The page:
© Issei Kato
What you should buy
Mark Dampier, investment manager at independent financial advisers Hargreaves Lansdown, is not keen on equities and prefers bonds. “I have been buying gilt and corporate bond funds,” he says. “Fund managers are getting yields of up to 10 per cent on investment-grade bonds. Unless you believe we are in a slump as bad as the Thirties, corporate bond funds look underpriced.
Darius McDermott, managing director of IFA Chelsea Financial Services, agrees. “Corporate bond funds are currently offering outstanding value when compared with gilts. Their yields range from five per cent to as high as 15 per cent, depending on their composition and the amount of risk involved.”
Corporate bonds are issued by big companies such as Shell and BP and like gilts (government bonds) they pay a dividend at a fixed and pre-agreed rate for a fixed term. The bonds are traded on the stock market and when interest rates are going down, the value of the bonds rises, so that the yield comes into line with interest rates generally.
Richard Woolnough, who runs top-performing household name M&G Strategic Corporate Bond Fund and the M&G Corporate Bond Fund, is double-AA rated by Citywire, which ranks fund managers. He has a consistent track record of being top-performer in the corporate-bond sector over five years, and second and fourth over three and one year respectively.
The five best corporate bond funds for consistently good performance are Standard Life AAA Income, M&G Corporate Bond, Rensburg Corporate Bond Trust, Prudential Corporate Bond and Morgan Stanley Corporate Bond. Any of these could be a good buy for a regular savings scheme.
You can buy direct from the fund manager, via your bank or through a good independent adviser. Visit www.unbiased.co.uk to find an adviser in your area who specialises in investment advice. Many of them, like Hargreaves Lansdown (www.h-l.co.uk), offer discounts on the initial purchase price. They can also advise on the whole range of mutual funds if you are not keen on corporate bond funds.
If you, or the recipient of your gift, are totally risk-averse, the only answer is a simple savings account. Rates have been coming down to reflect falling Bank Base Rate but it is still possible to earn good returns on regular savings.
The top children’s account is from Halifax, which pays a generous fixed rate of 10 per cent on savings of up to £100 a month, with a minimum investment of £10 a month, which must be paid by standing order. You can change the amount you pay each month but if you miss a monthly payment the account will be closed.
It has the advantage that the child cannot spend the money because the account is held in trust by the adult opening the account. At the end of each year the capital and interest will be swept into one of the following accounts — Halifax Save4it, Halifax Saver Reward, Halifax Liquid Gold, Halifax Bonus Gold or Halifax 60 Day Gold. These pay lower rates, so at this point it will probably pay to shop around again.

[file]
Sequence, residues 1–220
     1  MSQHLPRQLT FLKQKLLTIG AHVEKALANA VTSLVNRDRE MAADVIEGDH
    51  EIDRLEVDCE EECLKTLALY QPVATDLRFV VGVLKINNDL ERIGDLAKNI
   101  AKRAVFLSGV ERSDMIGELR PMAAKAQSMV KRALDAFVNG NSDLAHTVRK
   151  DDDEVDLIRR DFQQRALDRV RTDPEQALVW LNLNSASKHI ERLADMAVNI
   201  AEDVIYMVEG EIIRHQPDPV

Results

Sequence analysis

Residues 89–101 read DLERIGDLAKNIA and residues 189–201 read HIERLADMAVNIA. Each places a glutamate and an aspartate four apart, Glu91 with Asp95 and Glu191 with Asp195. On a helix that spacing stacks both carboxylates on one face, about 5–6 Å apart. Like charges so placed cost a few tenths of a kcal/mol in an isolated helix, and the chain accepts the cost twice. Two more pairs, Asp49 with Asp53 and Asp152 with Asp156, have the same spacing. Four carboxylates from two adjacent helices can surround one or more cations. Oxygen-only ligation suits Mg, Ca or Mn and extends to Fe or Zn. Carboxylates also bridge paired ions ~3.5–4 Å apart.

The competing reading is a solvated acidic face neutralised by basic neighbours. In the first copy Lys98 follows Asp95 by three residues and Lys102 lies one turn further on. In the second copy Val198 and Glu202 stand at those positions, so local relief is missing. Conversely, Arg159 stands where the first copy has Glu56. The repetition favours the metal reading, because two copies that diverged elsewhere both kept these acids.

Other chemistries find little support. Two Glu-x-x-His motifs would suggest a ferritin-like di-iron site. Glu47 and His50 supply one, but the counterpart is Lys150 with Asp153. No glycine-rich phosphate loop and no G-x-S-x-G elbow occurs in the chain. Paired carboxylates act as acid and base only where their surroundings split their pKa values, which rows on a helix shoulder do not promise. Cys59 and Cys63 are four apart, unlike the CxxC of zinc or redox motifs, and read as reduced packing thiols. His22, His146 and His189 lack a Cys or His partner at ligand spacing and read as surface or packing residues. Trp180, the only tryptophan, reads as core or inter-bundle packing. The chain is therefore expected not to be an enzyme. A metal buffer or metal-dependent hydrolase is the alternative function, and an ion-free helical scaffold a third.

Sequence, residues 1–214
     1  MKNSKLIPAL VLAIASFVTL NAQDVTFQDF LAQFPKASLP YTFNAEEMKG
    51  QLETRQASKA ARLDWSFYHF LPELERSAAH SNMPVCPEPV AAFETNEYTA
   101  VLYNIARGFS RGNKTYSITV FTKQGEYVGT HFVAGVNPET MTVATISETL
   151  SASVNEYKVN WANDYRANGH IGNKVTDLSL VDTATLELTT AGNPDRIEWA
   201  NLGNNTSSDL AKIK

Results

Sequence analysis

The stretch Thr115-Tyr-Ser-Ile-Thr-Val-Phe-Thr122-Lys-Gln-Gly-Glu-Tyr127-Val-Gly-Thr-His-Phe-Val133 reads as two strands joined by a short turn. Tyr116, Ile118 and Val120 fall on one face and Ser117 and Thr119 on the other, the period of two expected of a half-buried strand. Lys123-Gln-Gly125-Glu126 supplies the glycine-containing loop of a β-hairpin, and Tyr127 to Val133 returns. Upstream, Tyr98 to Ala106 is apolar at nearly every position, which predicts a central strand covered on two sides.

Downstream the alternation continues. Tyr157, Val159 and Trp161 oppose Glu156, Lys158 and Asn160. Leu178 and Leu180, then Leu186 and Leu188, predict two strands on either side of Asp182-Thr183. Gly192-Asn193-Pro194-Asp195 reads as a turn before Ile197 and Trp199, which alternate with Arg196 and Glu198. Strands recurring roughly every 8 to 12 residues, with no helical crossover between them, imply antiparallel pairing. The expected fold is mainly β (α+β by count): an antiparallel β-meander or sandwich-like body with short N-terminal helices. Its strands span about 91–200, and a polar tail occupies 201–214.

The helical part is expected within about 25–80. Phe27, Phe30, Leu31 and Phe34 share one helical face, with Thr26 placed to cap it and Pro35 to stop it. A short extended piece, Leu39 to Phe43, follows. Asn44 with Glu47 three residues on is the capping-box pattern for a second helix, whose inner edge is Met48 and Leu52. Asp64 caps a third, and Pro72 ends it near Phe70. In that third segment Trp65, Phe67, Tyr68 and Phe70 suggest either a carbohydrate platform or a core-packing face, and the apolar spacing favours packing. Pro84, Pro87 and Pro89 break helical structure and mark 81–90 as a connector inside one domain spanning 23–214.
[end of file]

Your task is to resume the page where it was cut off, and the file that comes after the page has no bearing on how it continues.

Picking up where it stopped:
Adults and children aged 16 or over are able to open cash ISA accounts in their own name, where they can save tax-free. Parents, grandparents and other family members can add up to £3,600 in any tax year. The best cash ISA at the moment for 16- to 24-year- olds is from the Kent Reliance Building Society, which is paying 6.26 per cent tax-free on sums of £1 or more. The rate is variable but there are no restrictions on withdrawals.
At the age of 25, the young person cannot add any further amounts, so for the over-25s the best cash ISA is from Market Harborough Building Society, which is paying 5.85 per cent tax-free and variable for sums up to £3,600 in any tax year — although you can transfer larger amounts if it comes from another ISA.
Bear in mind that these rates are variable and may well go down if Bank Base Rate is cut again, so you need to keep an eye on the competition.
Gold is always a welcome gift and could come into the category of a good investment. The World Gold Council says: “Demand for gold bullion is at a record high. Consumers bought 121 per cent more gold coins and bars in the third quarter of this year than they did during the same period in 2007.”
Whether or not gold turns out to be a good investment, gold jewellery is always a welcome Christmas gift. However, much of the price is in the manufacture, distribution and marketing of the item, which also includes the retailer’s mark-up.
There are some items that make glamorous gifts and sell at only a small premium over the price of gold: gold coins such as sovereigns, Canadian Maple Leafs and Krugerrands.
Long-established dealers such as ATS Bullion and Chard offer seven different one-ounce coins. You can also buy decorative miniature gold bars, which can be mounted on a gold chain or bracelet and worn as jewellery ranging in weight from 10 grams to one ounce.
The size of the premium over the spot price of gold will depend on the size of the coin or gold bar but is generally a minimum of eight per cent. If you are thinking of gold coins as an investment as well as a present, check whether the dealer buys them back. The high-street banks will sell you gold but won’t buy it back.
To be certain you are buying the real thing, make sure you go to a dealer who is a member of the British Numismatic Trade Association. If you are buying over the counter, you will need two forms of identity such as passport and driving licence. BNTA has a full list of members throughout the country on www.numis.co.uk, or you can call 01797 229988.
ATS Bullion Ltd: 69 Southampton Row, WC1 (020 7240 4041; www.atsbullion.com). Chard: 521 Lytham Road, Blackpool, Lancashire (01253 343081/316238; www.chards.co.uk).